Broader Shoulders

by Rebbetzin Malkah

The Hebrew word for adaptable is sagil.

How can we be adaptable? What is the way toward accepting change, wanted or unwanted, and new ideas, or toward freshening up our daily walk?

Adaptability is a state of mind. In order to be adaptable, we have to be open to change. We have to realize that only Hashem is unchanging. We are creatures of continuous growth and learning. When we accept that we are not at the end of the road, we might be up for stopping off on the side of the road to experience new growth and opportunities. Perhaps you are currently in the midst of change and it was not of your own choice; you understand the resistance you are putting forth and the frustration you are feeling. If you need help with adapting to change and don't know how, practice this meditation below to open up your neshama (soul).

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Bottled Up Kindness

by Rabbi Jason

'The kindnesses of the Lord I shall sing forever; to generation after generation I shall make known Your faithfulness, with my mouth. For I said, "Forever will it be built with kindness; as the heavens, with which You will establish Your faithfulness."' -- Psalms 89:2-3

The lessons of kindness coming from the scriptures are as boundless as the kindness Hashem used when He formed Creation. The midrash teaches us that the Torah begins with kindness (the clothing of Adam and Eve) and ends with kindness (the burial of Moses). It seems that chesed is a fundamental force of the universe.

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Pinchas - Seize A Lifetime, Reach for the Infinite

by Rebbetzin Malkah

We all have met one.  One who is crying out in the wilderness, trying to get our attention to change our ways and show us that everything we are doing is totally wrong.  We usually listen the first time, and then let their words take flight on the wind.  Why?  Their words eat at our very core and draw lines of division between us and "them."  Who are these voices?  They are the zealots of every religious institution - the ones who seek to get to the heart of the very evil in their midst (which is all of us).

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Parashat Bo - This Month Shall Be Unto You...

Boby Rebbetzin Malkah

In the world in which we live today, grandeur and wealth continue to be a means to power and influence. Despite this trend throughout history, it is important for us to recall a time when one person, and then a nation, made a remarkable transformation in a time akin to today. We see Moshe unravel the greatest illusion and break through the arrogance of a leader whose kingdom was built on the sand. We also see our people receive the first mitzvah, the key for a return journey, which would not only bring redemption, but lead them on the path back to Gan Eden.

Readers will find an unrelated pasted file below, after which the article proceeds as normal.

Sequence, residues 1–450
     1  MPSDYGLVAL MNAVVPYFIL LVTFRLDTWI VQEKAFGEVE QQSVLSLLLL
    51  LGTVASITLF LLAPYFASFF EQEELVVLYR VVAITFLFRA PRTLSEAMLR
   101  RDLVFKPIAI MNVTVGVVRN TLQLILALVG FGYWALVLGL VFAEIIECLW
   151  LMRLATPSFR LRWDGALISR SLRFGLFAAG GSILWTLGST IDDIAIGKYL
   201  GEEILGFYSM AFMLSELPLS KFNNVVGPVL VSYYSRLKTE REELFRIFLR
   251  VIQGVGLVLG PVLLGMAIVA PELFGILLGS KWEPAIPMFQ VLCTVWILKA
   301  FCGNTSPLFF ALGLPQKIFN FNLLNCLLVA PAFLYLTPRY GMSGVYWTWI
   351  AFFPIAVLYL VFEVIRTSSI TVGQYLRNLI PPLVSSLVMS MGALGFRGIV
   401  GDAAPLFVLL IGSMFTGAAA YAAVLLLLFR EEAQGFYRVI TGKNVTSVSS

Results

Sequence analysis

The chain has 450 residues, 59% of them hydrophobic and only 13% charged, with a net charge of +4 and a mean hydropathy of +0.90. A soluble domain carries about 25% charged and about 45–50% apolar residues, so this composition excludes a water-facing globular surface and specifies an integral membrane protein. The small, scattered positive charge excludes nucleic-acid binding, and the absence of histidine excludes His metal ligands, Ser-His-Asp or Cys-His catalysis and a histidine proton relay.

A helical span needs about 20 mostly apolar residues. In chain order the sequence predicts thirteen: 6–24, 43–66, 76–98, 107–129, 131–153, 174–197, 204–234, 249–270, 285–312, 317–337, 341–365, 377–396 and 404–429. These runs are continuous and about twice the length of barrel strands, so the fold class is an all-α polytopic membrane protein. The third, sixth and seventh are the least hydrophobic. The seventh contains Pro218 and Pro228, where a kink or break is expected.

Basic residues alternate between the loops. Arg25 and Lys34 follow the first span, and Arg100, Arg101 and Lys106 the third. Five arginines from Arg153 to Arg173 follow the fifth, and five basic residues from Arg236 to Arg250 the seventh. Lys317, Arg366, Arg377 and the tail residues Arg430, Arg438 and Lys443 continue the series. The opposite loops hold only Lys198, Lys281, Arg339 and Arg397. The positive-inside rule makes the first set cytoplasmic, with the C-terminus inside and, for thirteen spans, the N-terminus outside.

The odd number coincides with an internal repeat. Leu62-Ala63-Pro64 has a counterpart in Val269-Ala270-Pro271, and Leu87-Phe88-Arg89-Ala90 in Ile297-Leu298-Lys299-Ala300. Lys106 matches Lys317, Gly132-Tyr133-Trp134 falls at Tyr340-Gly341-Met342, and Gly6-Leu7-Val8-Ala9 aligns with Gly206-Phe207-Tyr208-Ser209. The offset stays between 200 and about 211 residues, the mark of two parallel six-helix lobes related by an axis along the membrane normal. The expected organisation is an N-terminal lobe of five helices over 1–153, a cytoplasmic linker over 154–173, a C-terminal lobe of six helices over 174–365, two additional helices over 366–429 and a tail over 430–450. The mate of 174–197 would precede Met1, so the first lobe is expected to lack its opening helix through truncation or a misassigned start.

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Re'eh - Be Warm-Hearted and Openhanded

 by Rebbetzin Malkah

(this commentary was written in response to hurricane Katrina.)

As we continue through Devarim, we see the bulk of the commandments are revisited again in this week's Parashat R'eh.  The parasha begins by presenting the choice to follow the mitzvot and receive blessing.  If we should choose not to, we are left open to the negative consequences.  Given that the concept of blessing is presented to us first, there is no mistaking the way in which Hashem wishes us to be motivated. The Children of Yisrael have the incredible option to "have it all" and be the winners of a physically and spiritually rich land - all by simply adhering to the mitzvot laid out by Moshe.

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Behar - To Infinity and Back


by Rebbetzin Malkah

Infinity.  Philosophers, mathematicians, physicists and theologians have tried for centuries to wrap their minds around this idea.  Symbolically represented as  , the definition of infinity is "unboundedness", or something without end.  In Hebrew, it is called Ain Sof and has been the topic of many rabbinical discourses - all in reference to the Holy One.  What is it about infinity, or ain sof, that captivates us? And how is it that mathematicians are able to pull this symbol into equations of relevance?  How is it they and countless others harness this concept, dance with it, and return with something tangible? Whether we realize it or not, the Torah addresses this exact dance through Bris Milah, the Yoveil (Jubilee year), Shemini Atzeret, Chanukah, and the counting of the Omer into Shavuot.  Through these special times, we experience what humans have been driving towards since the dawn of time: a taste of the Divine as we slip into the intangible, sublime realm of infinity and back.

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Vayiggash - The Harvester and the Plower

by Rebbetzin Malkah

This week we witness a momentous reunion of two brothers, Joseph and Judah.  Judah boldly pleads for the life of Benjamin and the sake of his father's well-being. Through this event, we witness not only redemption and restoration for that moment in time, but a prophetic vision of the future for all Jewry through the traits and attributes of these two men.

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